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Feedback from the Issue of Thursday, December 7th, 2011

HOMELESS AND HARMLESS

Two masterful tales by Rubin: Over the past few weeks, Paul Rubin has had two penetrating, though vastly different, stories. The latest was [about] Raven, which was masterfully told on Thanksgiving weekend ("The Outsider," November 24). It truly reminded us of how lucky we are to have jobs, homes, family, and our wits [about us most of the time].

Rubin's tale wasn't the usual sob story about the homeless; [it was] a masterfully told profile of this man and the people he has befriended and who have befriended him. Raven truly is a remarkable individual, whom anybody should be happy to have as a neighbor.

The other story, of course, was Rubin's encyclopedic opus on the Baseline Killer ("Waiting for Goudeau," November 10). It was equally well told. I felt like I was in the mind of Mark Goudeau, which was a frightening experience. In reading this, I recalled how terrified everybody was in Phoenix when all this was going on. I lived basically in the same neighborhood as Goudeau, and I jumped at every bump in the night back than.

Anyhow, please keep this page-turners coming. These [in-depth] stories are what New Times does better than anybody else.
Wayne Cain, Phoenix

Thanks for caring: Thank you for taking the time to do ["The Outsider"]. I live in the same neighborhood as Raven. A sweet man with a big heart! Kelly [Crittenden] needs to be commended for the manner in which she has helped Raven. Thank you for caring!
Linda Gallie, Phoenix



Another potential resource for Raven: I know a lot of people in Raven's condition. I wonder if he has found (or if anyone has told him about) RIAz (Recovery Innovations of Arizona). It's on 16th Street, one block south of East Thomas Road. The people there should be able to help him.
Margaret Barry, Phoenix

Find someone hard to love: What a great article [on Raven and his situation]. Thanks. About nine years ago, I was drawn to a homeless person who had set up home (a sleeping bag and a few personal items) a half-block from where I worked. I thought of Mother Teresa's suggestion that we should find someone who is hard to love and love them.

I committed to give him money on a weekly basis, [plus] food, clothing, and whatever was needed. His name is Ken, he was probably in his early 50s [back then], not an alcoholic, but schizophrenic. I have seen him digress from walking with a cane to a walker and (in the past several years) to a wheelchair. He has been in jail (drinking in public) and hospitalized several times — which are blessings, as he is cleaned up and checked out [medically while incarcerated]. I have been able to track him down when this happens.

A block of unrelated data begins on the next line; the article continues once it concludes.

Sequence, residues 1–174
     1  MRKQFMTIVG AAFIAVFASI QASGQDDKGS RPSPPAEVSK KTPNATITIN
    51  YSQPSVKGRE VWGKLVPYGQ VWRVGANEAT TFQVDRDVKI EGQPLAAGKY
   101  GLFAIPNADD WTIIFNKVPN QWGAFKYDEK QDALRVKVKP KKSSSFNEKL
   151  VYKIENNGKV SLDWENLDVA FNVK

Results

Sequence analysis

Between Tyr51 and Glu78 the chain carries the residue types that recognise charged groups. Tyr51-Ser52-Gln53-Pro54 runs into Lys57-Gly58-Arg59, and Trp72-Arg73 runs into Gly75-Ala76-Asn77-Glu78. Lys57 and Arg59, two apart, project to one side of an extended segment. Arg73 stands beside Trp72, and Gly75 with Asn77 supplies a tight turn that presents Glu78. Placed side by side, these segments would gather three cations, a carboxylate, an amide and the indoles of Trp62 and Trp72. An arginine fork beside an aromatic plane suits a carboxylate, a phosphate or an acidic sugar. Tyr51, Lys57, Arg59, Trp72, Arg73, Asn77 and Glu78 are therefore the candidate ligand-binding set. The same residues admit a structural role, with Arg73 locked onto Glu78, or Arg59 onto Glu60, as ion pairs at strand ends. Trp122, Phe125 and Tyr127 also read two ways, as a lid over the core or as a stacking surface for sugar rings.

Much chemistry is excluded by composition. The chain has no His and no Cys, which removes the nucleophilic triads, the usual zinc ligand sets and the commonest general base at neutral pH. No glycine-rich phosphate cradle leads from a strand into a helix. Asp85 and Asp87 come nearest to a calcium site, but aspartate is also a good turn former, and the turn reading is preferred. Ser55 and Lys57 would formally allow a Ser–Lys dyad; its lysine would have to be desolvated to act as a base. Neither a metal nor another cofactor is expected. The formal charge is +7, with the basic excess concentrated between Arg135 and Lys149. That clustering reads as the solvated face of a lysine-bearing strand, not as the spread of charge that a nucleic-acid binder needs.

I and social workers have tried to get him permanent housing, but he needs a birth certificate and a Social Security number to receive help/funds to do a placement. He says he was born "in a different place." More than a little frustrating, but I'm sure not nearly [as] frustrating as what he experiences daily. I look at him and his situation and wonder if this is the best we can do for him and those who are unable to provide for themselves.

Your article provided a nice, different perspective. Ken has a number of "customers" (his term for me and others who look out for him). He has shown me how I have a lot to learn. He is so dirty that I will not shake hands with him. I know he could benefit from touching another human, perhaps even more than [having] money. I provide, but I can't do it.
John Kraner, Fountain Hills

Raven's better than some neighbors: Here is a person who seems, even if he is "mentally ill," a much better neighbor than the ones who are my neighbors — drug heads and sellers of drugs.

God only knows, if I had more money, I would consider paying [Raven's] rent, since [he] would provide some cheerfulness and at least not bring unpleasantness.
Mark Veah, Yuma

A poignant yarn: ["The Outsider"] spoke volumes to me. Our church started ministering to the homeless with just peanut butter and jelly sandwiches and bottles of water, and it flourished into friendships.
Nissy Rangel, city unavailable

Do-gooders actually doing wrong: It's nice that the neighbors mean well, but they are just enabling [Raven to stay] homeless. Each item of food, each attempt to help, keeps him glued to that park, and his lifestyle.

It sucks that Arizona has such shitty services.
Shooter McGaven, city unavailable

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